Elegant Food Gifts That Require No Baking

Starring Sugar, Salt, Vinegar, Oil

Chef Ouita Michel developed this amazing list of easily prepared food gifts for the December 15, 2015 episode of Hot Water Cornbread: Kentucky Food Radio.

Packaging note: Use clean small bottles you have saved from other uses, or buy inexpensive cases of canning jars from grocery stores. Fancier bottles are available online and at large home goods or department stores. In Lexington, Kentucky, Good Foods Coop sells high quality spices in a bulk section for extraordinarily affordable prices.


  • Infused Sugar Syrups. Mix sugar, sorghum or honey in a 1:1 ratio with water (so, one cup sugar, one cup water, for example.) Warm the mixture a bit and add herbs like rosemary or mint, fruits like lemon or apricots, or savories like chili peppers. Let stand until completely cool; overnight is good. Strain into clean jars or bottles. Serve in drinks of all kinds, hot or cold. Pour over yogurt, ice cream, pound cake, or roast meats or vegetables.

  • Lemon Confit. Wash and thinly slice 6 lemons; remove seeds. Arrange the lemons in layers in a glass baking dish. Make a simple syrup, 1:1 ratio, equal parts sugar and water. Pour over the sliced lemons. You can add other aromatics at this point: rosemary, lavender, etc. Cover with foil and cook in a very low oven, about 200 degrees, for about 2 hours or until the lemons are very tender but have not lost their pale color. This is also great when made with oranges. Use the syrup and the slices of lemon as well over fish, on pound cake, on roast beets, and (sparingly) in salads.

  • Chai Tea Syrup. Ingredients: 12 crushed cardamom pods, 5 cinnamon sticks, 8 peppercorns, 10 cloves, 1 piece of ginger, 1 vanilla bean, split and scraped, 5 cups water, 2 star anise, 1/2 tsp. ground allspice, 1/4 tsp. nutmeg, 1/2 cup honey or sugar, 10 black tea bags. Combine all the spices and the water and sugar. Simmer for about 30 minutes. Add the tea bags and steep until cool. Strain and cool. To use, add to hot or cold milk.

  • Sugar Cubes. Use either little candy molds (available from craft stores) or a small square glass pan. The ratio is fixed: 1/4 cup sugar to 1/2 teaspoon of water or liquid. You can use bitters, rosewater, orange blossom water, or a little food coloring all in the water if you like- but the total liquid measure cannot exceed the ratio of 1/2 teaspoon liquid per 1/4 cup sugar. Combine the sugar and liquid well. Sugar will only feel damp. Press into molds or into the small pan. If using the pan, use a knife to score the damp sugar into squares or diamonds as soon as you press it into the pan. Dry in open air over night. Then pop the cubes out of their molds or finish cutting the squares.


 Vinegar makes both delicious food and a safe, effective, inexpensive cleaning product. Consider pairing a tasty orange vinegar (using the pulp of the orange) with an orange vinegar for cleaning that makes good use of the outside peels.

  • Infused Vinegars. Ingredients: 2 cups white vinegar—either distilled white, cider, rice or white wine;  5-6 sprigs of your favorite herb; Ouita's are tarragon, rosemary, a clove of garlic.  Heat vinegar gently until it is nicely warm to the touch, about 105 - 155 degrees F. Add the herbs. Infuse for 2-3 days. Strain into a new bottle and add a fresh sprig for looks if you like.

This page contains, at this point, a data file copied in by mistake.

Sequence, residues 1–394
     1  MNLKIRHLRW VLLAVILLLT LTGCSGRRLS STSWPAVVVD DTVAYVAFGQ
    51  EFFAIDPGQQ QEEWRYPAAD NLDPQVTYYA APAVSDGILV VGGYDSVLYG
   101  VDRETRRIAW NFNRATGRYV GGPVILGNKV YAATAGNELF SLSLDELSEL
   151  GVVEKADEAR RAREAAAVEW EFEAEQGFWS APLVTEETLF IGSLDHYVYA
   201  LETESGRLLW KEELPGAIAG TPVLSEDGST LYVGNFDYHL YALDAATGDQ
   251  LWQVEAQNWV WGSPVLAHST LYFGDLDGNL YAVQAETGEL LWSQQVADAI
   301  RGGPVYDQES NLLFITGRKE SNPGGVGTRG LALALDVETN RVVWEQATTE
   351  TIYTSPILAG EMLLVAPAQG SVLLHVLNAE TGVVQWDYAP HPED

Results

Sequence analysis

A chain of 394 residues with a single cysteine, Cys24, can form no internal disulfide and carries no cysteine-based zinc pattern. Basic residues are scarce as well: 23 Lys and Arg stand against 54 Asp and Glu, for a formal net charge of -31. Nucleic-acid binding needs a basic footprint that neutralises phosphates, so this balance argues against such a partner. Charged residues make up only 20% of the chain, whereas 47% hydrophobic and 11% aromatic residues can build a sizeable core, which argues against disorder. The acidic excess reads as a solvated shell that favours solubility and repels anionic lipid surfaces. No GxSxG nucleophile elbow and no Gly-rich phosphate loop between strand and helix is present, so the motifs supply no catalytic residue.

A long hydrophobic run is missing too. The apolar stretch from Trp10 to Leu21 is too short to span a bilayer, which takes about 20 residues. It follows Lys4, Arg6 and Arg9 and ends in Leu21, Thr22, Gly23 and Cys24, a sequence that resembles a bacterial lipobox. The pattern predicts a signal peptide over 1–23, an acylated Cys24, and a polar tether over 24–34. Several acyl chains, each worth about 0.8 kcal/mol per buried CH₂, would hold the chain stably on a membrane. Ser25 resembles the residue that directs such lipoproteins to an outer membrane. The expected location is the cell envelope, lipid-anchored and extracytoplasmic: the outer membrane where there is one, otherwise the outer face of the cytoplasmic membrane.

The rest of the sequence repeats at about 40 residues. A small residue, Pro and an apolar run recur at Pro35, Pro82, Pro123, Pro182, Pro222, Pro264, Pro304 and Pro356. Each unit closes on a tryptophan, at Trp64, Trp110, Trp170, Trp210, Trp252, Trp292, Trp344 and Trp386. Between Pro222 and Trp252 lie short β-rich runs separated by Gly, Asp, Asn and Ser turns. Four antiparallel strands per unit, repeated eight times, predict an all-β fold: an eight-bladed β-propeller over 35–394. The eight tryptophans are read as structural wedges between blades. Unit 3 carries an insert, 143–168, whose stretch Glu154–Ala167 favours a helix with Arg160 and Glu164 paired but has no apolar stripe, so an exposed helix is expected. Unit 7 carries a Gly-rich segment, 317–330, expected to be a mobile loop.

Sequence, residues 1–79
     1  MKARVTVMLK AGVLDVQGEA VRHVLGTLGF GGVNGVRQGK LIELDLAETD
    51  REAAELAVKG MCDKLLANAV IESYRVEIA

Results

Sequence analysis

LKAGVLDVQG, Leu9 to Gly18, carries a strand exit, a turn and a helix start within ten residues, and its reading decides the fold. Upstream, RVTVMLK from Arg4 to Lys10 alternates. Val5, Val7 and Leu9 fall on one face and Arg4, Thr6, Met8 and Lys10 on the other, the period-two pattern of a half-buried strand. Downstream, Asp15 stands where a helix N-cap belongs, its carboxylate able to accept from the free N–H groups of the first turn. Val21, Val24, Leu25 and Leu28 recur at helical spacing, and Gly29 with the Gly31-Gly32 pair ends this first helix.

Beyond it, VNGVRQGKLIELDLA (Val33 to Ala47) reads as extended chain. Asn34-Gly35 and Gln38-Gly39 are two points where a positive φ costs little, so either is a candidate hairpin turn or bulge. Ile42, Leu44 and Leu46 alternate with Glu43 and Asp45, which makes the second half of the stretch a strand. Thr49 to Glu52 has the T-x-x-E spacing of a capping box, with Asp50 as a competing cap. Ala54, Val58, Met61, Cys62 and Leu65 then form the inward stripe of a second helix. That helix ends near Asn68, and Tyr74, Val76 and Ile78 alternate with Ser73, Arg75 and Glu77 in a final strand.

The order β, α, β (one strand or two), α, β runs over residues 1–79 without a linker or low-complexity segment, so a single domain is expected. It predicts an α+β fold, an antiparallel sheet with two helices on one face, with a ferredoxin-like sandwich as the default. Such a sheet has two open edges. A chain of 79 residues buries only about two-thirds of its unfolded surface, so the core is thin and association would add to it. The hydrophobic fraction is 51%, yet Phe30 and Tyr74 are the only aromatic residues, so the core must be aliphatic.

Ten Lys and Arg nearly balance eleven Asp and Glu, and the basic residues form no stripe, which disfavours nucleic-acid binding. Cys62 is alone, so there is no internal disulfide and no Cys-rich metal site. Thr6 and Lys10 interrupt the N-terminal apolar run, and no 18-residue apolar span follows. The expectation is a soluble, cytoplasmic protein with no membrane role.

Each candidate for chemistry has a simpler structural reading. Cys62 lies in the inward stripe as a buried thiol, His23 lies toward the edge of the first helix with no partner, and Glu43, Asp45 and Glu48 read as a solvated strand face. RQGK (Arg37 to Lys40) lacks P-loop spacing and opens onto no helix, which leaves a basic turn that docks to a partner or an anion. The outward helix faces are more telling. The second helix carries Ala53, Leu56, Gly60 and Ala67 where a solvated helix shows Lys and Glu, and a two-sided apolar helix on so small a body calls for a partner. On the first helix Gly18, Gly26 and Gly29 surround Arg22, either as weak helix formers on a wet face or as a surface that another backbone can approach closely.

• Orange Vinegar as a flavoring agent. Peel away all skin and outside pith from two oranges—blood oranges are great. (Save the peels for the cleaner, below.) Puree the orange pulp in a food processor. Add one tablespoon orange juice concentrate. Strain. Combine with 1/3 cup white wine vinegar. Reduce gently by half on the stove until lightly thickened. Cool and bottle.

  • Orange Vinegar as a cleaner. Ingredients: white Vinegar, left over orange peels. Pack a jar full of your orange peels. Cover with white vinegar and let sit 2-3 days, and then bottle it.


  • Infused Oils. The basic method is to warm the oil gently, just until it feels hot to your touch, and add your infusible ingredients. Let steep over night and strain through a coffee filter or cheese cloth. For Annatto Chili Oil, use 2 cups salad oil, 1/4 cup annatto seeds, 1 Tablespoon cumin seed, 1 Tablespoon crushed red pepper or a couple of your favorite dried chili peppers. Chipotles are great!

  • Hot and Spicy Asian Style Oil. Ingredients: 1 1/2 cups light oil such as Canola, 5 star anise, 2 bay leaves, 3 Tablespoons Szechuan peppercorns, 3/4 cup Szchuan pepper flakes, 1 1/2 teaspoon salt. Simmer the star anise, bay leaf and peppercorns together in the oil. Strain into the chili flakes and salt. Let sit and do not strain further. Bottle it in clean jars.


  • Infused Salts. Citrus Salt Ingredients: 2 cups sea salt, or just a regular salt is fine. Use a vegetable peeler to and remove the zests—outer skins—of one lemon, one lime and one orange. Combine the zests with the salt in a glass baking pan. Bake at a very low temperature, around 200 degrees, in the oven for two hours or so. Let cool. Blend together in a spice grinder or blender. Bottle in small, clean jars.

  • Other Infused Salts. Rosemary salt, Szechaun salt, cumin salt, rye salt and more all follow this same basic method: lightlytoast the salt and the ingredients together in a clean skillet. Grind in a spice grinder. Ouita's grandmother's secret spice mix for everything: equal parts, salt, black pepper and granulated garlic.